Automated market makers are a true public good in crypto, enabling genuinely decentralized trading 24/7 and supporting the wider DeFi ecosystems. But they’re not without a host of problems, writes digital economist and academic Christos A. Makridis.
The decentralized finance (DeFi) market has surged since 2021, growing from just over $20 billion to nearly $160 billion as of March 2022, compared with a rise in the total cryptocurrency market from $433 billion to $2.5 trillion over the same period.
While the recent crypto washout in the wake of the collapse of Terra’s LUNA and UST has caused the market value of DeFi to fall almost all the way back down to $60 billion, there is still optimism in the crypto community and the market value will largely return for major crypto assets in the months and years ahead.
The trouble with AMMs.
The rise of DeFi has been thanks largely to the presence of liquidity made possible through automated market makers (AMM). Whereas centralized exchanges function as a custodian of their customers’ funds and function as a matchmaker for demand and supply, decentralized exchanges (DEX) do not have a custodian.
Instead, peer-to-peer trading, as it was initially designed, is facilitated through a traditional AMM mechanism that says the product of any two assets must always equal some constant. In other words, if Bitcoin and Ether holders put $100 worth in a pool, then the product of the two assets always has to equal $100. If, however, a holder buys more Bitcoin, then the price of Bitcoin rises, and the other side provides more Bitcoin so that the equation balances. The hope is that the pool has many liquidity providers so that there is never a situation where the price of an asset rises so fast that there is insufficient liquidity to facilitate a trade at a reasonable price.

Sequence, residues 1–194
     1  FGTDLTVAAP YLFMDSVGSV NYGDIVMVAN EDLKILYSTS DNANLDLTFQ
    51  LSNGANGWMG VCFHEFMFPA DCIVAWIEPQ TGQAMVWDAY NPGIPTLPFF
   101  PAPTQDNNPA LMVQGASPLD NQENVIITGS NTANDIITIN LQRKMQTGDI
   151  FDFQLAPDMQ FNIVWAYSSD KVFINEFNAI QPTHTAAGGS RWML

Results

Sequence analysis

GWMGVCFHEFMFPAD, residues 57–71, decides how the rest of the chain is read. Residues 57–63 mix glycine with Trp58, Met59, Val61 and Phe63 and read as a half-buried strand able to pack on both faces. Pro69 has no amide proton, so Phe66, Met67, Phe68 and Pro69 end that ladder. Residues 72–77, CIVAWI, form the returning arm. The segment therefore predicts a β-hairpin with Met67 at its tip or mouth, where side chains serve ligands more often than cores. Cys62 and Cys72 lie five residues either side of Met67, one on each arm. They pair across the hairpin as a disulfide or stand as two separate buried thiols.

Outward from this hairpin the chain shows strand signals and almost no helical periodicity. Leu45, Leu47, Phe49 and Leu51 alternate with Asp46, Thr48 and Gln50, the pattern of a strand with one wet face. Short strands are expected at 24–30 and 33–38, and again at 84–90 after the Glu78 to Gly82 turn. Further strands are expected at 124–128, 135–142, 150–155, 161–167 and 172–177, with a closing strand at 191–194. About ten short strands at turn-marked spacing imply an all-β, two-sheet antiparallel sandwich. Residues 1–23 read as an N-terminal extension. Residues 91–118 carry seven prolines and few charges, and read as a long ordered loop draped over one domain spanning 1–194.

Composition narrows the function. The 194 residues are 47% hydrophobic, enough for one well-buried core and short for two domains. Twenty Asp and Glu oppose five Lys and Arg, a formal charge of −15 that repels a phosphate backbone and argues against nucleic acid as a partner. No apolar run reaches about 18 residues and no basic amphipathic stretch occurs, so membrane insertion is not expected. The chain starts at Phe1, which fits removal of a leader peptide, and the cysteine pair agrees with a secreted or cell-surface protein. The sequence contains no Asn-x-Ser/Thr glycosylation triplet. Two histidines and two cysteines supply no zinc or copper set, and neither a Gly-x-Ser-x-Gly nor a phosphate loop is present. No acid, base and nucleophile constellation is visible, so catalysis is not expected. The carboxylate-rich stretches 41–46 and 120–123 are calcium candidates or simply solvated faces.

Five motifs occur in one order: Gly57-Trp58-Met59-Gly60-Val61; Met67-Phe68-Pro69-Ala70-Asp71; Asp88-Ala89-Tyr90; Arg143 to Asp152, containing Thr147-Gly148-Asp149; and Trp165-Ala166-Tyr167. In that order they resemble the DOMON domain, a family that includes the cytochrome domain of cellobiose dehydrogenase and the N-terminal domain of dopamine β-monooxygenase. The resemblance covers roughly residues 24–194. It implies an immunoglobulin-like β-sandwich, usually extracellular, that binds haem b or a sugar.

AMMs have played an integral role in creating liquidity in the overall market. The latest research by Gordon Liao, head of research at Uniswap Labs, and Dan Robinson, head of research at Paradigm,…